Book Lovers Day, 9th August - Aug '17

By Emily Jack ATA - Founder of Kings Tutors

The 9th August is unofficially known as ‘Book Lovers Day’. It is a day that is all about celebrating reading and it encourages everyone to pick up a book.

A love of books and reading is a great hobby to have. Books open up many different worlds to the reader, whether fiction or non-fiction. Reading expose the reader to new ideas and facts that they might not otherwise have come across. It can be a way of enhancing your knowledge, or it can be a welcome distraction. It can help you to de-stress by allowing you to immerse yourself in an imaginary world for a couple of hours. It allows you to develop empathy for other people by illustrating viewpoints that are different from your own.

But reading can also be beneficial to our studies. A study conducted by the Institute of London looked at 6,000 children from similar social backgrounds, who achieved similar test scores at age 5 and 10. At 16, the children who had frequently read books at age 10, and who continued to read at least once a week at 16, had higher test scores than those who didn’t. Reading was shown to be more beneficial to children than having a parent with a degree. The benefits of reading were seen across a broad range of subjects. The children who read more were found to have a:

  • 4% advantage in vocabulary. This is because reading exposes children to new words that may not be used in general conversation. The more you read, the more you understand and the more words you take in and use for yourself.
  • 9% advantage in maths. Reading has been shown to improve analytical skills, and this is backed up by a study done by Anne Cunningham (‘What Reading Does for the Mind’). This is because reading helps students to understand patterns more quickly. Students can pick up on the symbolism and story-telling tricks used in books, and from these they are able to work out clues regarding the plot – and all this keeps your brain working.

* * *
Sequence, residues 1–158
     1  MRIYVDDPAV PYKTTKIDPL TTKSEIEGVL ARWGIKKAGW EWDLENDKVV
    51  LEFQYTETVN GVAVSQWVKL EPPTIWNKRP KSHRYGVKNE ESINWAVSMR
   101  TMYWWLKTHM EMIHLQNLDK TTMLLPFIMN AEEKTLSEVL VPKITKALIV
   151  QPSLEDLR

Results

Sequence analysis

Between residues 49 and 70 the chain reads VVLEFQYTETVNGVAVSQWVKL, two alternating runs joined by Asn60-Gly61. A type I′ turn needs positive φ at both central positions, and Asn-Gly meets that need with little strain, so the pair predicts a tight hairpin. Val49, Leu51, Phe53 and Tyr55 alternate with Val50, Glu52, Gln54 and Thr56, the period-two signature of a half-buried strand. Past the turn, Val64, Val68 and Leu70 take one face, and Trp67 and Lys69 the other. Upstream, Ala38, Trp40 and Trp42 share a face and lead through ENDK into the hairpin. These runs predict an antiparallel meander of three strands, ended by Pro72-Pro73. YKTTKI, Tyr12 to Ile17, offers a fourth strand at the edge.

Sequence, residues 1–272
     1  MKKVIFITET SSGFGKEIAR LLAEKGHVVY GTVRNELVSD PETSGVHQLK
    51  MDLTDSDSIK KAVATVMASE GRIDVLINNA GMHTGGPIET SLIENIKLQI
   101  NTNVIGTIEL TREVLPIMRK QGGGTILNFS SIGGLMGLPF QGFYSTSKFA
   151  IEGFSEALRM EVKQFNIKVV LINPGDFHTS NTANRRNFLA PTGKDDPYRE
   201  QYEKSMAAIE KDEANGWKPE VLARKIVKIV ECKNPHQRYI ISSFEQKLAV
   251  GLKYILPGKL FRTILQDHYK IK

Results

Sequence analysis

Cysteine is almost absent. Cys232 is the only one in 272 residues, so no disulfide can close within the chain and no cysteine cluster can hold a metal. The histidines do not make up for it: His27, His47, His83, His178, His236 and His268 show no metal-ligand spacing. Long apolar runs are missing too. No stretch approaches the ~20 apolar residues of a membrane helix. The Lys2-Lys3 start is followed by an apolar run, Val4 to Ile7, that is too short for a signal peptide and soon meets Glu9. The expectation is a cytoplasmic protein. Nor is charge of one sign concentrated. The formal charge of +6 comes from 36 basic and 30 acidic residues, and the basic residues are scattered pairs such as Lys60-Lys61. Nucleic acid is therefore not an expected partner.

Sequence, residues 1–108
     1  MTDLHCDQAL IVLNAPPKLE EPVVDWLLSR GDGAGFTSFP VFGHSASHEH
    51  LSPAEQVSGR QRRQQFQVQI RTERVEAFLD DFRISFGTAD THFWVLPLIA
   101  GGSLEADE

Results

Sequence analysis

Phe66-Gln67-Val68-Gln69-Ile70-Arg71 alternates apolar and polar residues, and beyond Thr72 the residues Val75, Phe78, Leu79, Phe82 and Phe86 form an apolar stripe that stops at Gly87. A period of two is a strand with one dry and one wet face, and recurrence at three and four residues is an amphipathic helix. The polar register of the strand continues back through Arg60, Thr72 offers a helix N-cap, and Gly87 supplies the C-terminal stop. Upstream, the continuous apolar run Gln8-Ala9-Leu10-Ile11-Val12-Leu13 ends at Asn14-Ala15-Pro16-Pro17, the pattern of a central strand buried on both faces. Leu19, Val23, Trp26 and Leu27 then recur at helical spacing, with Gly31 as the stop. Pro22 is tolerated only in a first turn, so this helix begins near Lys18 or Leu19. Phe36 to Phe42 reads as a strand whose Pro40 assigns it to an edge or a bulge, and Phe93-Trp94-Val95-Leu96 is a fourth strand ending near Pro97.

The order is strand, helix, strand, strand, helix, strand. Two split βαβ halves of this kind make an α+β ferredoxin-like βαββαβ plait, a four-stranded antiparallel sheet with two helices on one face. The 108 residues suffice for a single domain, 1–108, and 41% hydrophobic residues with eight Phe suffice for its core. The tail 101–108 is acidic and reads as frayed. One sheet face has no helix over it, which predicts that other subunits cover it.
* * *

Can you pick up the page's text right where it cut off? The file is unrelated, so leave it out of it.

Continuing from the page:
• 6% advantage in spelling. This, too, can be linked to the wider range of vocabulary and greater confidence with words and literature that reading leads to.

This does not mean that you have to love reading to do well in school; practical experience and hard work are also important - but reading certainly gives students a boost. Even if you don’t love to read, it is worthwhile making a consistent effort to do so, as this will help make you more comfortable with doing so. Once you find a genre or style of book that you like, reading becomes much more fun! Studies have shown that the earlier children start reading, the more likely they are to continue to do so as they age.

Not everyone finds reading easy, however. For those with brains more naturally inclined to numbers and science, or for those with learning disabilities, reading is a challenge. Tutors can help students to develop their reading skills and their love of reading, by helping to recommend books that match the student’s individual skills level and interests, as well as by explaining any vocabulary or symbolism that is unclear.

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